by Elizabeth Chyn (teen) and Jane Gov (librarian)
So you might have noticed a variety of displays cropping up in your local library, bookstore, or school about BANNED BOOKS. You might wonder what does this mean, what are banned books, where have they been banned, and for what reason?
Celebrate with us! It’s Banned Books Week, an annual national awareness initiative to celebrate your freedom to read!
What is Banned Books Week?
Since 1982, Banned Books Week is observed every year on the last week of September. This year, Banned Books Week is September 22 through 28. This initiative is sponsored by the American Library Association to promote the freedom of thought and expression.
What is the difference between a challenged book and a banned book?
A challenged book is a book that has received a complaint—either oral or written—on the basis that the title should be removed from a library collection or school curriculum. A banned book is a title that has actually been removed, restricted, or excluded from a book collection or curriculum.
Why are books challenged?
Books are often challenged with the intent to protect others, usually children and teens, from difficult or controversial topics. Once action is taken on a challenged book, censorship occurs. Regardless of whether the challenges are made with the best interest of the aforementioned groups in mind, censorship is harmful because it places limits on the freedom of thought and expression.
Why should I read challenged or banned books?
The most frequently challenged books gain negative attention because they also have plenty of praise. They tend to be very well written and therefore selected by many teachers for their curriculum.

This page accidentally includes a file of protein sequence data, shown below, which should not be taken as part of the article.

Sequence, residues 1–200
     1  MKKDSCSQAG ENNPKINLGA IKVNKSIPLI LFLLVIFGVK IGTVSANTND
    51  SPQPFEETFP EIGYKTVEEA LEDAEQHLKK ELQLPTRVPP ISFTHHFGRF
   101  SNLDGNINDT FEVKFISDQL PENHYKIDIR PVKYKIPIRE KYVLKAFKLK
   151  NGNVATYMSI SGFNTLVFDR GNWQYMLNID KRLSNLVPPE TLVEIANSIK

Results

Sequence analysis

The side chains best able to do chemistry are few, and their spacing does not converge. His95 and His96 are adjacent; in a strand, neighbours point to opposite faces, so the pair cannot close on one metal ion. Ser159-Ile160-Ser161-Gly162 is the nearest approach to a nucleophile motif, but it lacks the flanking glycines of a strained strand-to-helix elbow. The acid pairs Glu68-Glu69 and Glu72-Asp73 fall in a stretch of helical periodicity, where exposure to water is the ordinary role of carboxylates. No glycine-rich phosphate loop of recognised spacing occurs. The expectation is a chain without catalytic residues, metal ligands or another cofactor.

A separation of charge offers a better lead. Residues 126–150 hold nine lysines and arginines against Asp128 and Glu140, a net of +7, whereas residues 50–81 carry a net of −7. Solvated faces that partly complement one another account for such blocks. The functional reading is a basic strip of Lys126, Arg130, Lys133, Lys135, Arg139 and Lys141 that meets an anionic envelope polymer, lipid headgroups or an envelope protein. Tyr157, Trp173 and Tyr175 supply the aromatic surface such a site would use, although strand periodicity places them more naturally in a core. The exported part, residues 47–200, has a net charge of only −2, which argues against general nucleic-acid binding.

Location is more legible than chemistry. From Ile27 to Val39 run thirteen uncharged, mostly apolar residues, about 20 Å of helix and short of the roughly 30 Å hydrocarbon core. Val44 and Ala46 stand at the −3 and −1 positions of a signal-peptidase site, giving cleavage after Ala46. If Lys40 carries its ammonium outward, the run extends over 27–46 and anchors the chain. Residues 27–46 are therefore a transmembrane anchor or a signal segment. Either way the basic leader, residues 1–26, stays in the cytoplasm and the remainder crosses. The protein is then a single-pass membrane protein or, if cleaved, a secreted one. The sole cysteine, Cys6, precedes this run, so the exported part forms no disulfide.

How do I celebrate Banned Books Week?
Help get the word out and educate others about Banned Books Week and the importance of intellectual freedom. You can find lots of information on the ALA website including more printable materials and a press kit. And of course, READ a frequently challenged or banned book! Run a banned books discussion or praise your favorite challenged book.
Okay… so what are the books?
The list is not entirely comprehensive because many challenged and banned books are not reported, but these lists compiled by ALA includes the most frequently reported challenged books… and it’s really long!
Below is a sample of some of the most popular banned books. Click on the title to find them at the library.
Looking for Alaska by John Green
Miles Halter, a high school junior fascinated with last words, chooses to attend Culver Creek boarding school to search for a “Great Perhaps.” He meets Alaska Young, a beautiful, intelligent, and witty girl who really throws him into his Great Perhaps.
Looking for Alaska was the seventh most challenged book of 2012, according to the American Library Association. It has been frequently banned because of offensive language.
Located in the library: Young Adult Fiction, YA FIC GREEN,J
The Perks of Being a Wallflower by Stephen Chbosky
Charlie is a freshman in high school who writes letters to an anonymous friend. He is labeled as a shy, awkward, and unpopular kid, but eventually makes friends with Patrick and Sam. Charlie grows as a person and comes to terms with this past throughout the novel.
The Perks of Being a Wallflower was the sixth most challenged book of 2012, according to the American Library Association. It has been banned because of drug use, offensive language, and mentions of suicide.
Located in the library: Young Adult Fiction, YA FIC CHBOSKY,S
Thirteen Reasons Why by Jay Asher
Clay Jensen receives a shoebox without a return address filled with cassette tapes. Upon listening to them, he realizes that they were recorded by a girl who recently committed suicide, Hannah Baker. Hannah explains the role that thirteen people played in her death.
Thirteen Reasons Why was the third most challenged book of 2012, according to the American Library Association. It has been banned because of its controversial topic of suicide, mentions of drug and alcohol use, and that it is unsuited for the age group it was written for.
Located in the library: Young Adult Fiction, YA FIC ASHER,J